Pipeline Damage Assessment Tool Launched

MarineLink.com
Tuesday, October 15, 2013
EMPREINTE

Tecnitas, the marine advisory arm of leading international classification and verification group Bureau Veritas (BV), has launched a new technology simulation system for pipeline damage assessment, in collaboration with Total. This system, EMPREINTE, helps pipeline operators to determine safe operating pressures after a pipeline is damaged. It is a software suite which provides a decision making tool which, according to BV, aims to save operators money and cut downtime for pipeline repairs.

Offshore energy pipelines can sustain all sorts of damage like dents and gouges due to external injuries, internal or external corrosion due to a corrosive effluent and failure of coating or cathodic protection, weld defects and straining due to ground movements. Operators need to know if the pipeline is safe to continue operating or if some pressure reduction or shutdown is required. EMPREINTE does that very quickly.

Level 3 assessments of pipeline damage are based on advanced calculations such as finite elements. The advantage of finite element calculations is that they give a more accurate assessment of the state of the pipe and the safe operating pressure but they need usually detailed material data and are very time consuming. EMPREINTE is a pre and post processor to Abaqus finite element calculations which will perform reasonably conservative level 3 assessments in a very short time period, typically within 48 hours from defect discovery to assessment. That will typically permit pipeline use to continue when it might otherwise have needed to be shut for repairs. EMPREINTE can also be used in the design phase of the pipeline.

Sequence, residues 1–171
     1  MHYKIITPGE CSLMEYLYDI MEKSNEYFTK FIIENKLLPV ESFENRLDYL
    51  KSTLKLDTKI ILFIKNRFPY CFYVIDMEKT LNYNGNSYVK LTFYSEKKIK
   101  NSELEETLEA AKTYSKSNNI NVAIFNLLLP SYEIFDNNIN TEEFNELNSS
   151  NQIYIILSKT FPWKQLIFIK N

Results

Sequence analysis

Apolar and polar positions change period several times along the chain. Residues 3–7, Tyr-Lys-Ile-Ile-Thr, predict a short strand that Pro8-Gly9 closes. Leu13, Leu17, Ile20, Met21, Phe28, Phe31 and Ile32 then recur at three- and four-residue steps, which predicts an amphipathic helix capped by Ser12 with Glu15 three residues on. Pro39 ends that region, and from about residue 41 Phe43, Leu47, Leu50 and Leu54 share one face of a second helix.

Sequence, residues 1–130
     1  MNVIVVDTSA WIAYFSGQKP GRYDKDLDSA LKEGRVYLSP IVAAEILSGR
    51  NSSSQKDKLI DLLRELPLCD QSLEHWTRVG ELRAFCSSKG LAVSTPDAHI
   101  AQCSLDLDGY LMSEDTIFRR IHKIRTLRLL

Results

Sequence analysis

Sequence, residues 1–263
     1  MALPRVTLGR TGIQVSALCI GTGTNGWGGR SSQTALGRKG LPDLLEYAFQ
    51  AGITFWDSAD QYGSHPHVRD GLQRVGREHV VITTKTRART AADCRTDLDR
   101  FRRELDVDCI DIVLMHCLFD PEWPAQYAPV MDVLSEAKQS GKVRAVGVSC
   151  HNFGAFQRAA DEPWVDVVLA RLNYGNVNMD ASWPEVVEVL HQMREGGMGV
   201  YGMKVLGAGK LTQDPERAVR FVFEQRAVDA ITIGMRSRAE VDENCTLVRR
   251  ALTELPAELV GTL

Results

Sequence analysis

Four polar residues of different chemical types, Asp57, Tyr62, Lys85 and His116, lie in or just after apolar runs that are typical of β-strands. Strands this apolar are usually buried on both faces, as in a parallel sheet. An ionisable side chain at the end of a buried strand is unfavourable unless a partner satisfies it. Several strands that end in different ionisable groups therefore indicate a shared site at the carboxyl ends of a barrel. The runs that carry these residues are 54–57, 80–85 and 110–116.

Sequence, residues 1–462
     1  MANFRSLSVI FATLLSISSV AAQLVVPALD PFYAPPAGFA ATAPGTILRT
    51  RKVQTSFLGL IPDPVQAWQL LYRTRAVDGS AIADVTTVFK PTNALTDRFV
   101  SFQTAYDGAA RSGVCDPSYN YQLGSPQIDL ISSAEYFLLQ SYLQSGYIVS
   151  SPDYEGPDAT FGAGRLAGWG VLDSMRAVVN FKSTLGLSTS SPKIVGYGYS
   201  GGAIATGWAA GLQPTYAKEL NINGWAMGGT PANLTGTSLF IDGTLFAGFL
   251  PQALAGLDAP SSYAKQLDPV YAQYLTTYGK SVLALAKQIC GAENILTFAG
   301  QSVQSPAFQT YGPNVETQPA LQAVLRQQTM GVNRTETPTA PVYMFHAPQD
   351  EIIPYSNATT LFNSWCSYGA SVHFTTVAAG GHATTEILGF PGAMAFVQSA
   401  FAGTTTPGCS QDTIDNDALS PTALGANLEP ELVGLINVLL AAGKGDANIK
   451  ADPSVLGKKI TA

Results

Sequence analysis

The principle of EMPREINTE, based on finite element calculations, is to use the defect pipe profile to design back a virtual tool from which the damaging process is modeled. The burst strength of the damaged pipe is determined after an iterative process to match the measured and calculated profiles. This actual burst strength is used to derive a safe operating pressure.

The tool has been validated with full scale tests in various conditions. It includes criteria to capture failure by plastic collapse and by ductile fracture after significant damage development. It has been recently extended to the assessment of dents submitted to cyclic loading conditions using the Dang Van criterion.

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